Eric Hunter, Director of NCVS Archives and
Associate Professor at the Department of Communicative Sciences and Disorders at Michigan State University

Eric J. Hunter is an Associate Professor at the Department of Communicative Sciences and Disorders at Michigan State University. Dr. Hunter previously spent more than a decade with the NCVS and will continue to assist the NCVS with both archiving and preparing for dissemination the immense amount of research data collected by the NCVS over the last several decades. Dr. Hunter served as the Deputy Executive Director of the NCVS from 2008 to 2013.

Dr. Hunter is on the board of editors of The Open Acoustics Journal (Bentham Science Publishers) and the International Journal of Research in Choral Singing. He is also a member of the American Physical Society, the Acoustical Society of America, and the American Society of Biomechanics.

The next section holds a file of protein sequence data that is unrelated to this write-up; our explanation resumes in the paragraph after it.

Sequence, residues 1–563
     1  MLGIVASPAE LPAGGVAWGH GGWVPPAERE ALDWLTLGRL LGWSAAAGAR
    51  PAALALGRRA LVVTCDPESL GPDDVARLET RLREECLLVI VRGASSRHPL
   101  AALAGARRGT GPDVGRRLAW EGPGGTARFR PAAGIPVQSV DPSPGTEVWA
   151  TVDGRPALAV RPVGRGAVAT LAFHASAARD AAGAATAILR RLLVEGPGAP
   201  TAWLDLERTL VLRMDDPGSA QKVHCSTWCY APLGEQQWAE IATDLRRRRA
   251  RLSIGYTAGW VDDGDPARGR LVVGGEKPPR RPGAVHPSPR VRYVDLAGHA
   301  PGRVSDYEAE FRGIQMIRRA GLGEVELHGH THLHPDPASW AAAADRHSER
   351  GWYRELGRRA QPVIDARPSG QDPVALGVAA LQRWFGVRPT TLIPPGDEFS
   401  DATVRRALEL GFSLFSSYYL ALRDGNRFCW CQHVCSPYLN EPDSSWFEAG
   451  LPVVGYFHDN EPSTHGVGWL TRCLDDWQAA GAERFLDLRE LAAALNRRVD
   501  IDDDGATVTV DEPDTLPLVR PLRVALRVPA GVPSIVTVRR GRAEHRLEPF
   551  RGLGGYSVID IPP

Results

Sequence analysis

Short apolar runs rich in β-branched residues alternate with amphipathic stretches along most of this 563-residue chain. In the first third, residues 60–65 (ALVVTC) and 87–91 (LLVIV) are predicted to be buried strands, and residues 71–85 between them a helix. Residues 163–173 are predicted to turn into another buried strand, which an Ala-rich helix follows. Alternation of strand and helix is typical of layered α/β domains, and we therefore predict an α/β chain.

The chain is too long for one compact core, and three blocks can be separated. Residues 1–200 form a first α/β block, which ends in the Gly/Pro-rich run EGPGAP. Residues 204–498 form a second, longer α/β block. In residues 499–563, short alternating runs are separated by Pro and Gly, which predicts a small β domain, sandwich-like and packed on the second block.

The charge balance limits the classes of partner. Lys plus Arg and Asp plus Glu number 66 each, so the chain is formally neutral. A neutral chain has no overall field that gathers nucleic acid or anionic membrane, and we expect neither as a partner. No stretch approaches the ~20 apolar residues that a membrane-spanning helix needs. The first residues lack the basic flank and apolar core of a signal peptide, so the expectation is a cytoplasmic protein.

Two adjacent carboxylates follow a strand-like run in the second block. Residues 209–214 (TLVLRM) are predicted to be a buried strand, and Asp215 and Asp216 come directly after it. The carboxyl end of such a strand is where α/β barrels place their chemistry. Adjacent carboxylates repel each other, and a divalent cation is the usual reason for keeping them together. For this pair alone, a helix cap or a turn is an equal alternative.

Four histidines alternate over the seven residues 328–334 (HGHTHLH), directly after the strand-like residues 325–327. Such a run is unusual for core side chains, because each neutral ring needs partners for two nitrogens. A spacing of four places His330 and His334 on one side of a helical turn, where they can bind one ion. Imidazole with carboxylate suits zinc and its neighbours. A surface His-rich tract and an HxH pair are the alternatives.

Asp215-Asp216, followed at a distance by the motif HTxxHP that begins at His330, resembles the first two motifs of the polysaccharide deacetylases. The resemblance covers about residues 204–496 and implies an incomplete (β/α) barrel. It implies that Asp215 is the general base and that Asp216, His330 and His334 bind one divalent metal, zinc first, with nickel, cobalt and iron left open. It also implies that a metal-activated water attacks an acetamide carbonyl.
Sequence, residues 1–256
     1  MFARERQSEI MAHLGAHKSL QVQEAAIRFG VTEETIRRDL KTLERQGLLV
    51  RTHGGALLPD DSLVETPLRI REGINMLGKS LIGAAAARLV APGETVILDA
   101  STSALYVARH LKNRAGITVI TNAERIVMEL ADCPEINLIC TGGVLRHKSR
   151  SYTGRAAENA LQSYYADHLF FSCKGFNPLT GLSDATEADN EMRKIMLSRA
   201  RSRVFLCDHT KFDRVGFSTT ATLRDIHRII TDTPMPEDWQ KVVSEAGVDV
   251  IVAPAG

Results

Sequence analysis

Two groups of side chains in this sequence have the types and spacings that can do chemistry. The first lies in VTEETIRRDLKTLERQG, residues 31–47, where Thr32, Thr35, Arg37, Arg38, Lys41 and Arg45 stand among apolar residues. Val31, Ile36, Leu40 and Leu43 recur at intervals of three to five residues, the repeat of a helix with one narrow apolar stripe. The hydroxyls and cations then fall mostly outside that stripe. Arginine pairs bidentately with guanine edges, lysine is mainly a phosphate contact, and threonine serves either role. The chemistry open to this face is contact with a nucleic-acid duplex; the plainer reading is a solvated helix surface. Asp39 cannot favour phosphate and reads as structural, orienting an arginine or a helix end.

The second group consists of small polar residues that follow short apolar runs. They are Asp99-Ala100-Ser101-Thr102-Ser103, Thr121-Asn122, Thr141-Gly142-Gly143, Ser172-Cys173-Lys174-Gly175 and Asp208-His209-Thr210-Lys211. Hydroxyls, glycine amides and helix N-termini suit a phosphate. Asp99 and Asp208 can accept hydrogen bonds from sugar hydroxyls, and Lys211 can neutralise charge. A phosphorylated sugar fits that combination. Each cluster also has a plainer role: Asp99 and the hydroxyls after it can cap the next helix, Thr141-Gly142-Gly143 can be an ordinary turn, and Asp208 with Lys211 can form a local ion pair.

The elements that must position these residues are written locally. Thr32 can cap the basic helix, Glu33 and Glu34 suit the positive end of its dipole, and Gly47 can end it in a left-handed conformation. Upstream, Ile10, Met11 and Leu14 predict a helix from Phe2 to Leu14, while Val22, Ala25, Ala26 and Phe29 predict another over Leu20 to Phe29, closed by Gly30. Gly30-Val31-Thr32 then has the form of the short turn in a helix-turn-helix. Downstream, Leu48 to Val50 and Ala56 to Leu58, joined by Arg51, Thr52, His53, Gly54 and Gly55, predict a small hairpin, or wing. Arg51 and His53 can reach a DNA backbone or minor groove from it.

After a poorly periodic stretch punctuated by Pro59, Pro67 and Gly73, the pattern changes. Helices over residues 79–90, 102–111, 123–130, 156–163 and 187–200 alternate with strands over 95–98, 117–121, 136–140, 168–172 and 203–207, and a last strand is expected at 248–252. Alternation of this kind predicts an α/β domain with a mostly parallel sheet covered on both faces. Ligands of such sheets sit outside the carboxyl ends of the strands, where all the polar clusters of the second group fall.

After receiving his B.S. and M.S. in Physics, he received the National Research Service Award traineeship to complete his PhD in Speech and Hearing Science from The University of Iowa. Dr. Hunter now uses this background in physics and acoustics to study all aspects of the voice mechanism (anatomy, biomechanics, acoustics, etc).

Link to abbreviated CV (pdf)

Research Interests:

  • Occupational and habilitative speech science
  • Aging effects on voice
  • Gender differences in vocal health
  •  Biomechanics of speech articulators (specifically the larynx and laryngeal muscle mechanics)
  • Vibration and posturing models of the vocal system
  • Muscle mechanics and muscle models
  • Biomechanical properties of tissues
  • Signal processing

Broader Academic Interests:

  • Human Vibration Exposure
  • Psychoacoustics
  • Speech Perception
  • Musical Acoustics

Teaching Experience:

  • Acoustics
  • Speech Science
  • Hearing Science
  • Voice Instrumentation
  • Musical Acoustics

Broader academic interests include: psychoacoustics, recording techniques, speech perception, musical acoustics, integrated circuit processes creation, machine recognition of speech.


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